Beowulf: Gummere Chapter 32

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XXXII

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 THE fall of his lord,     he was fain to requite,

in after days;     and to Eadgils he proved,

friend to the friendless,     and forces sent,

over the sea,     to the son of Ohtere,

weapons and warriors:      well repaid he,

those care-paths cold,     when the king he slew.[1]

Thus safe through struggles,     the son of Ecgtheow,

had passed a plenty,     through perils dire,

with daring deeds,     till this day was come,

that doomed him now,     with the dragon to strive.

With comrades eleven,     the lord of Geats,

swollen in rage,     went seeking the dragon.

He had heard whence all,     the harm arose,

and the killing of clansmen;     that cup of price,

on the lap of the lord,     had been laid by the finder.

In the throng was this,     one thirteenth man,

starter of all,     the strife and ill,

care-laden captive;     cringing thence,

forced and reluctant,     he led them on,

till he came in ken,     of that cavern-hall,

the barrow delved,     near billowy surges,

flood of ocean.     Within it was full,

of wire-gold and jewels;     a jealous warden,

warrior trusty,     the treasures held,

lurked in his lair.     Not light the task,

of entrance for any,     of earth-born men!

Sat on the headland,     the hero king,

spake words of hail,     to his hearth-companions,

gold-friend of Geats.     All gloomy his soul,

wavering death-bound.     Wyrd full nigh,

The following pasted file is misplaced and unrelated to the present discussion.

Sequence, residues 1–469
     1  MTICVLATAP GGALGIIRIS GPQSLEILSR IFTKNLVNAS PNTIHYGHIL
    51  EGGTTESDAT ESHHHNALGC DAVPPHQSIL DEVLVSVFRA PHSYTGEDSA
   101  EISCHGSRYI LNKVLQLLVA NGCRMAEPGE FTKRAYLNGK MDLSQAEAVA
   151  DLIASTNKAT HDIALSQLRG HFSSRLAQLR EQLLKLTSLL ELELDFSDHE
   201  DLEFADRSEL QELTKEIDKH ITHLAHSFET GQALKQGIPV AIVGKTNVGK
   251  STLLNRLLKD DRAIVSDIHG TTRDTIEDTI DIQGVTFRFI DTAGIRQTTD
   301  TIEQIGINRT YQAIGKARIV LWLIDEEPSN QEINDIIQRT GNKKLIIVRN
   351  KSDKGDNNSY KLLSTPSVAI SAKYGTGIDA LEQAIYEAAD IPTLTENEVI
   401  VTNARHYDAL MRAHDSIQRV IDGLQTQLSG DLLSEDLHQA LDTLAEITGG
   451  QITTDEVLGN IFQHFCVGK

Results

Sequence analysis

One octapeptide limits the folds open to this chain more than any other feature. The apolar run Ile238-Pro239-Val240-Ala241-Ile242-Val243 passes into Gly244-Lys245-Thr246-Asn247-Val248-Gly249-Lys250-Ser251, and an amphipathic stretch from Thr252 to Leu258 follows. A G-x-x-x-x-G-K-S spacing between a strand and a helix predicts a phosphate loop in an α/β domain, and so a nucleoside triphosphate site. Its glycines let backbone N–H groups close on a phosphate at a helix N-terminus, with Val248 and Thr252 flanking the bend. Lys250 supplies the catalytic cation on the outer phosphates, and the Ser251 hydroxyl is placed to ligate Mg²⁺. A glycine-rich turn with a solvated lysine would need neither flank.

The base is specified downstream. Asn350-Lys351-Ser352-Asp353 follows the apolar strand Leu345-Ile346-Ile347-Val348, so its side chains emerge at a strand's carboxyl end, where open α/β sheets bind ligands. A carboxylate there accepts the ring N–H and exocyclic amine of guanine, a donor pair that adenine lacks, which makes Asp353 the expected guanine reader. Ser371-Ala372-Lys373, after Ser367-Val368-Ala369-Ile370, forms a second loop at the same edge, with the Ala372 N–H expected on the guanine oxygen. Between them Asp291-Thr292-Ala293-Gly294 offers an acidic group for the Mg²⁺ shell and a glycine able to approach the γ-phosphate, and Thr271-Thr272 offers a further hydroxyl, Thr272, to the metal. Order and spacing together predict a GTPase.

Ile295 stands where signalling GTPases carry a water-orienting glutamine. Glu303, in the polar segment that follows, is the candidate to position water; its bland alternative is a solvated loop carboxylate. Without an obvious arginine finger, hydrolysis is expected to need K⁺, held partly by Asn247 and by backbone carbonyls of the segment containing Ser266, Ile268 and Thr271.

stood ready to greet,     the gray-haired man,

to seize his soul-hoard,     sunder apart,

life and body.     Not long would be,

the warrior’s spirit,     enwound with flesh.

Beowulf spake,     the bairn of Ecgtheow:

“Through store of struggles,     I strove in youth,

mighty feuds;     I mind them all.

I was seven years old,     when the sovran of rings,

friend-of-his-folk,     from my father took me,

had me and held me,     Hrethel the king,

with food and fee,     faithful in kinship.

Never while I lived there,     he loathlier found me,

bairn in the burg,     than his birthright sons,

Herebeald and Haethcyn,     and Hygelac mine.

For the eldest of these,     by unmeet chance,

by kinsman’s deed,     was the death-bed strewn,

when Haethcyn killed him,     with horny bow,

his own dear liege,     laid low with an arrow,

missed the mark,     and his mate shot down,

one brother the other,     with bloody shaft.

A feeless fight,[2]     and a fearful sin,

horror to Hrethel;     yet hard as it was,

unavenged must,     the atheling die!

Too awful it is,     for an aged man,

to bide and bear,     that his bairn so young,

rides on the gallows.     A rime he makes,

sorrow-song,     for his son there hanging,

as rapture of ravens;     no rescue now,

can come from the old,     disabled man!

Still is he minded,     as morning breaks,

of the heir gone elsewhere;[3]     another he hopes not,

he will bide to see,     his burg within,

as ward for his wealth,     now the one has found,

doom of death,     that the deed incurred.

Forlorn he looks,     on the lodge of his son,

wine-hall waste,     and wind-swept chambers,

bereft of revel.     The rider sleepeth,

the hero far-hidden;[4]     no harp resounds,

in the courts no wassail,     as once was heard.

[1] That is, Beowulf supports Eadgils against Onela, who is slain by Eadgilsin revenge for the “care-paths” of exile into which Onela forced him.

[2] That is, the king could claim no wergild, or man-price, from one son for the killing of the other.

[3] Usual euphemism for death.

[4] Sc. in the grave.

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